Monsignor Walter Rossi, the rector of the National Shrine of the Immaculate Conception in Washington, D.C., is a protégé of Michael Bransfield, the former West Virginia bishop removed for, among other misdeeds, bilking Catholics out of millions of dollars. Rossi served as director of pilgrimages under Bransfield during his tenure as rector of the National Shrine. God only knows what financial shenanigans took place at the Shrine during those years. But it is clear that Rossi shares some of Bransfield’s self-dealing habits.
One example of Rossi’s blatant mixing of Shrine business with his own personal interests is that he sold his Dupont Circle apartment to a young man named John Schlageter, who used a loan from a Shrine donor, Robert Comstock, to purchase it. The deal wasn’t illegal, but it reeks of impropriety. According to the property deeds, Rossi sold his apartment at 1239 Vermont Ave. in Washington, D.C., to Schlageter in 2012 for $250,000, with $220,000 of it coming through a loan from Comstock. (My calls to Comstock and Schlageter inquiring about this matter have not been returned.)
“That’s unusual,” says a long-time Church observer. “Most people pay for property not from a loan from an individual but from a bank loan. Why did Comstock loan all that money? He was obviously doing a favor for them both.” It is not clear from the deeds how much interest Comstock charged on the loan.
A real estate attorney in Chevy Chase, Maryland, Comstock has been a prominent donor to the Shrine and the archdiocese of Washington for decades. He has served on the board of Catholic University for many years. According to a Church insider, he is an “old crony of Theodore McCarrick” and is said to have managed some of McCarrick’s money.
In late 2017, not long before he got popped for molesting an altar boy, McCarrick concelebrated a Mass at the St. John Paul II seminary in Washington, D.C., at which Comstock was feted for paying for a new wing of the seminary in which a room is named in his honor — the Robert F. Comstock Conference Room.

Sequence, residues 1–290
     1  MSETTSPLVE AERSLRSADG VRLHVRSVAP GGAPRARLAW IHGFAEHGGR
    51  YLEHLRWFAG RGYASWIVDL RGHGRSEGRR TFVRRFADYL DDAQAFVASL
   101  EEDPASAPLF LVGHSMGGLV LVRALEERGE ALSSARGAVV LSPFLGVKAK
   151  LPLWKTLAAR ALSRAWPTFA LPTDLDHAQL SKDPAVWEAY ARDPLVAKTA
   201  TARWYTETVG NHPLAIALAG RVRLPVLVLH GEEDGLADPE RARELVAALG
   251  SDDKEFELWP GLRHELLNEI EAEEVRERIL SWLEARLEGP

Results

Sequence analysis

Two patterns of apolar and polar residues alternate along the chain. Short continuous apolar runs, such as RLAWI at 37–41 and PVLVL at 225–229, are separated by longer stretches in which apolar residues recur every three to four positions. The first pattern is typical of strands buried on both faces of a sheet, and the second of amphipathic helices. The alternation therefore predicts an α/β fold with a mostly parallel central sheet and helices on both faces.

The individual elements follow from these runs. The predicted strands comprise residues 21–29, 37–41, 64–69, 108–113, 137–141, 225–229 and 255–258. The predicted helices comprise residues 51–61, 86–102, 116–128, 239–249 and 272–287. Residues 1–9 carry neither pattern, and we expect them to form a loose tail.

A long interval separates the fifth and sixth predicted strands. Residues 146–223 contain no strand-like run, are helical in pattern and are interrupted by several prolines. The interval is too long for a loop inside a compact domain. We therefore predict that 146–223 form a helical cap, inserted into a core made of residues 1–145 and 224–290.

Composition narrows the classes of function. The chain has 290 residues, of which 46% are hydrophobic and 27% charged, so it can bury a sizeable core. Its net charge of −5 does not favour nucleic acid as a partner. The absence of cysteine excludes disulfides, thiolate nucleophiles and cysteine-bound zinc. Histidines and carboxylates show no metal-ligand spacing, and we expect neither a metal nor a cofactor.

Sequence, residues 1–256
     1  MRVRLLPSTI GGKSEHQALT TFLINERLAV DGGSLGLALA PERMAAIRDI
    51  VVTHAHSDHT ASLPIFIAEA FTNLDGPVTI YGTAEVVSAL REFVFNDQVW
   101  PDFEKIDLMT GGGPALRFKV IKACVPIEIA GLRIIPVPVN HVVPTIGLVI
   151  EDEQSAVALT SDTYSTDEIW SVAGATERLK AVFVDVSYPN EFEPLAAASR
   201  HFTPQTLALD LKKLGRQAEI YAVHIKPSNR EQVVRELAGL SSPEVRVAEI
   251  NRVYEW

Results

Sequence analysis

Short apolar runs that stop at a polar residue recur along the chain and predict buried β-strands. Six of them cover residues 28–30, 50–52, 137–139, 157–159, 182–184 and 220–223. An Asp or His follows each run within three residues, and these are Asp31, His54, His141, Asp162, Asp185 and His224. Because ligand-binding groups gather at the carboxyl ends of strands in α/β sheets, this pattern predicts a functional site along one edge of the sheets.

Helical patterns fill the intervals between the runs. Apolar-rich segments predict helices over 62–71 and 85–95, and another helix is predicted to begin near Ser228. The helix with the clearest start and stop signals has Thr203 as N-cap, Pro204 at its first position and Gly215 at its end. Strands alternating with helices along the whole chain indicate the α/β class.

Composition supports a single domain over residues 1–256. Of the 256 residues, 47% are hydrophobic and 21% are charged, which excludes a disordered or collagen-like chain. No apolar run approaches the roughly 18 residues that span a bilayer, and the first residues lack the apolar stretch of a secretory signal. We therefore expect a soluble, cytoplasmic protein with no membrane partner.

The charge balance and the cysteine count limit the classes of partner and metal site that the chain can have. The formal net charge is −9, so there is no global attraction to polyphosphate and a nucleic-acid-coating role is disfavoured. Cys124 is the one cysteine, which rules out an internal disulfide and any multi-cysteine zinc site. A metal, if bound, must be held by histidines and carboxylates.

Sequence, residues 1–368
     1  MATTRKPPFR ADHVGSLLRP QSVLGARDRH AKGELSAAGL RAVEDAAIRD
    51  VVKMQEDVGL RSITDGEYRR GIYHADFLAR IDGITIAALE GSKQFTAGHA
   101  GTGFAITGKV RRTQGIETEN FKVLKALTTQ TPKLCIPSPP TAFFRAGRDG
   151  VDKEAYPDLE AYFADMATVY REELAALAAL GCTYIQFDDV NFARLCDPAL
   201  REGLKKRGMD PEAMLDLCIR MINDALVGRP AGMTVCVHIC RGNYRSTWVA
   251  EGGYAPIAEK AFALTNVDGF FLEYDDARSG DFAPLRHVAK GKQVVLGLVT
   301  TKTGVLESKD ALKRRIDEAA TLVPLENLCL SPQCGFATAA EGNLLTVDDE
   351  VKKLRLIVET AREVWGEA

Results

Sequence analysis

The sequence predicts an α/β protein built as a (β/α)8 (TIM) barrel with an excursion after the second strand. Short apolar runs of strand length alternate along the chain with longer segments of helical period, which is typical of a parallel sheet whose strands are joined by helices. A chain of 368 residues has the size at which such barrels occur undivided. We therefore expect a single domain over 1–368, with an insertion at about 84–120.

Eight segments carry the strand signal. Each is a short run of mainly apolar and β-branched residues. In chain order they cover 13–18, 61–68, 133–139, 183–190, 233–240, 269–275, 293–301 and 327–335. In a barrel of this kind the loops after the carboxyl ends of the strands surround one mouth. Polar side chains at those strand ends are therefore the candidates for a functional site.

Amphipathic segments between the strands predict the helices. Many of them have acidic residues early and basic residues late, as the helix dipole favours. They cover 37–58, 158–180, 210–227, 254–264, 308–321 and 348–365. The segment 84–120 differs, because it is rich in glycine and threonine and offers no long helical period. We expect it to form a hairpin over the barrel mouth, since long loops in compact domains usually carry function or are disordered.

Comstock is also thick with Cardinal Donald Wuerl, who has given him various awards, including the “Manifesting the Kingdom” award.
Is greasing the wheels for a sale of Monsignor Rossi’s apartment part of manifesting the kingdom? Apparently it is in the incestuous world of Beltway Catholicism. But to most ordinary Catholics, the sale would appear a gross exploitation of Rossi’s position as rector of the Shrine — the very kind of self-dealing “clericalism” Pope Francis has supposedly forbidden clerics to undertake.
That Rossi sold his apartment to Schlageter also raises questions. Now in his thirties, Schlageter, according to Catholic University sources, is a protégé of Rossi, whose career in the Church — first as general counsel for the archdiocese of military services and now as executive director of the Bethlehem University Foundation, is said to have been guided by Rossi.
“He was this young kid with no experience in a job that had never existed before,” says one of his colleagues from the archdiocese of military services. “We didn’t understand why he was there. Yet he ran around the place like he owned it. Now I understand why. Rossi had pulled strings for him.”
Schlageter seemed to spend most of his time amassing pictures of “important” people in the Church and socializing, the source says. The archdiocese of military services hired an outside firm to do Schlageter’s work.
According to a seminarian who knew him at the time, he also had a flamboyant streak, penning letters to him that began, “Hi Princess.”
Keith Green, a former security guard at the Shrine, says that “it was weird how Rossi and Schlateger interacted.” He recalls “Schlateger coming by the Shrine with a big old bouquet of flowers for Rossi, who then put them in the back seat of his Lexus.”
Through Rossi’s string-pulling, according to insiders, Schlageter became the executive director of the Bethlehem University Foundation after his stint at the archdiocese of military services. In November of last year, the papal nuncio opened up the Vatican embassy to an awards ceremony for Schlageter’s foundation. On the committee hosting the event was Monsignor Walter Rossi.
The investigation of Rossi by the diocese of Scranton and the archdiocese of Washington is now its fourth month. The length of it has caused much murmuring among concerned Catholics. Last week I called one of the lawyers privy to it and asked for an explanation as to its length. He simply described the investigation as “complicated.” Perhaps one of its complications involves the mysterious sale of Rossi’s apartment.